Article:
Explore more at ocean.org

Dolf DeJong is the vice president of conservation and education at the Vancouver Aquarium Marine Science Centre. He is currently on assignment at the Oceanografic Aquarium in Valencia, Spain, supporting the staff of Europe’s largest aquarium as they expand their conservation and education efforts. His On Assignment blog series chronicles some of his adventures and experiences while he’s on dispatch in Spain. 

When we made the decision to update how we managed the 11 million litres of outdoor lakes at the Oceanografic Aquarium in Valencia, Spain we anticipated seeing some significant changes. With the addition of the new waterfall and updated operating practices, we expected the pools to transition from the existing blue to a more natural green as the algae began to grow and insects and other species to move in.

Many people are unaware that healthy water in a natural functioning ecosystem is not usually clean and clear like the water flowing from our kitchen taps. Untreated water contains all sorts of tiny organisms, plankton and aquatic plants — important building blocks for larger animals further up the food chain.

Oceanographic's lake is home to ducks, swans and other waterfowl year-round.

Oceanographic’s lake is home to ducks, swans and other waterfowl.

The barn swallow (Hirundo rustica) is a pretty little bird with a blue back and forked tail — its nesting preference is on human made structures such as barns and bridges. A large number of these birds pass through

the area as they migrate from Southern Africa to Europe to nest. A few even stay in Valencia for the summer, nesting near Oceanografic under the Calatrava-designed bridge between the Agora and the Science Museum. What was significant this spring was the total number of barn swallows feasting over our new “living lake.” It was the highest number of the birds staff had ever seen at the Oceanografic site.

Barn swallow has a blue back and forked tail.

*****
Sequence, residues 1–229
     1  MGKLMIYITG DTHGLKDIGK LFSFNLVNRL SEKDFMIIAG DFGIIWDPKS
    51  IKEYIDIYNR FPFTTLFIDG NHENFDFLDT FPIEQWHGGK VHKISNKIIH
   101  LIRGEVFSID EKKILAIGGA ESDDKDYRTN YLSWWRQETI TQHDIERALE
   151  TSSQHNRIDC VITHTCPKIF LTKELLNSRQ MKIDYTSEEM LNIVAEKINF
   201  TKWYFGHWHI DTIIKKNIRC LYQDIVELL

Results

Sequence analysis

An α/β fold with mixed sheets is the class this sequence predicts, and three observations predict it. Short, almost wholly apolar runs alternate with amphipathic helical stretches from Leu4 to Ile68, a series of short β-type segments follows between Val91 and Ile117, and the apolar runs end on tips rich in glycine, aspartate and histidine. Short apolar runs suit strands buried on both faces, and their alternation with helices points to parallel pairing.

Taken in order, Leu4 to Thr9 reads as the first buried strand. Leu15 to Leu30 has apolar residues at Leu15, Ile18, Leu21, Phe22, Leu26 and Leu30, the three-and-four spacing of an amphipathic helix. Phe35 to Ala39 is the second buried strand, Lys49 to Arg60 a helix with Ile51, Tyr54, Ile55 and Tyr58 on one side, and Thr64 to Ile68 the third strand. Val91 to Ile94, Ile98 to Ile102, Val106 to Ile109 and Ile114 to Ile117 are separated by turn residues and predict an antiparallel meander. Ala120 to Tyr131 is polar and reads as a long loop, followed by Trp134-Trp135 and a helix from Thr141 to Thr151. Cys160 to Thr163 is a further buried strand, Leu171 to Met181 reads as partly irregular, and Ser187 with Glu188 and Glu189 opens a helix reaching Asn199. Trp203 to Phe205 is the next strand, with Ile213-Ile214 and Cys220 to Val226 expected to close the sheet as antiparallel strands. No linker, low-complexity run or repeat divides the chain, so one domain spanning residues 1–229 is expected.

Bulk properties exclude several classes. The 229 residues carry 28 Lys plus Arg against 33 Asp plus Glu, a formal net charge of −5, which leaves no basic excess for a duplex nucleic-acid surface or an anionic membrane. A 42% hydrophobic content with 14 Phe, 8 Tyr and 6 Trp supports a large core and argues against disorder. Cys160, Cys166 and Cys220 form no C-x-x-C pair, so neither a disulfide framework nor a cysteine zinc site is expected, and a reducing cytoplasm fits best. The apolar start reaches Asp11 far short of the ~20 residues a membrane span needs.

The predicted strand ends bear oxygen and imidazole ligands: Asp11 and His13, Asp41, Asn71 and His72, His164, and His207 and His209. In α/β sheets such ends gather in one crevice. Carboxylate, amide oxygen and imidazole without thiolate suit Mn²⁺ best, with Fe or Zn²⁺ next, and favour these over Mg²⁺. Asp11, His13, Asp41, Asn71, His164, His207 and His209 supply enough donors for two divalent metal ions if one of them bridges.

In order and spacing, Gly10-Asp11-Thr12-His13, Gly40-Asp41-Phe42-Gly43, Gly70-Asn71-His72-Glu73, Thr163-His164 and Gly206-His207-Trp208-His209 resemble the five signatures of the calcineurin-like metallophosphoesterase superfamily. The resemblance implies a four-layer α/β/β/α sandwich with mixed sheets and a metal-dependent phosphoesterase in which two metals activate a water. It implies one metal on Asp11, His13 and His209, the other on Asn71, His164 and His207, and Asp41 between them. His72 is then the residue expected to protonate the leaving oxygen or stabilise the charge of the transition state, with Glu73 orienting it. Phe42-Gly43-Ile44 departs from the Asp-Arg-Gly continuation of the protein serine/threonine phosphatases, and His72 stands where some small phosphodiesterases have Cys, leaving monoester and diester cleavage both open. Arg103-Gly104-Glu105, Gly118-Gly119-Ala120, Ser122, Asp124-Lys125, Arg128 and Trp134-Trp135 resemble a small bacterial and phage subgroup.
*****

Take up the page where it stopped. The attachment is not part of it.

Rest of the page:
Barn swallow has a blue back and forked tail.

The returning barn swallows are insectivores: birds who make their living catching and eating flying insects. This year at Oceanografic we have been seeing far more flying insects in the early evenings over our “living lake.” The healthy state of the water at the site has attracted these wild bird species to come feed by the lake; which is certainly a win for both the individuals nesting locally and those continuing on to nesting sites further north.

An aerial shot of Oceanographic's lake turning green.

An aerial shot of Oceanographic’s lake turning green.

We’ve had some people question if the water is now “dirty” at Oceanografic and wonder how the animals in our care will react. To answer that question — the ducks, swans and other waterfowl who live year-round at the Aquarium are predominately dabbling feeders who are happy to consume aquatic plants and algae. These changes have provided a healthy enrichment to their current diet and the only real “downside” to the green-ish water is that it’s not as aesthetically pleasing for some people who prefer the blue bottomed habitats to the more natural greens.

We celebrate the benefits of the upgrades to the lakes for the animals in our care and for the champions of migration who pass through the region twice a year. We are all looking forward to seeing the birds again in the fall when they pass through once more on the way back to their winter homes.

 

One Response

  1. Barbara creighton

    Can’t believe the number of swallows I’ve seen at Musqueam Golf Course this year! It’s like a sparrow convention! I did not see a single sparrow last year.
    I love the fact that the mosquitoes are being devoured!
    Barbara

    Reply

Leave a Reply

Your email address will not be published.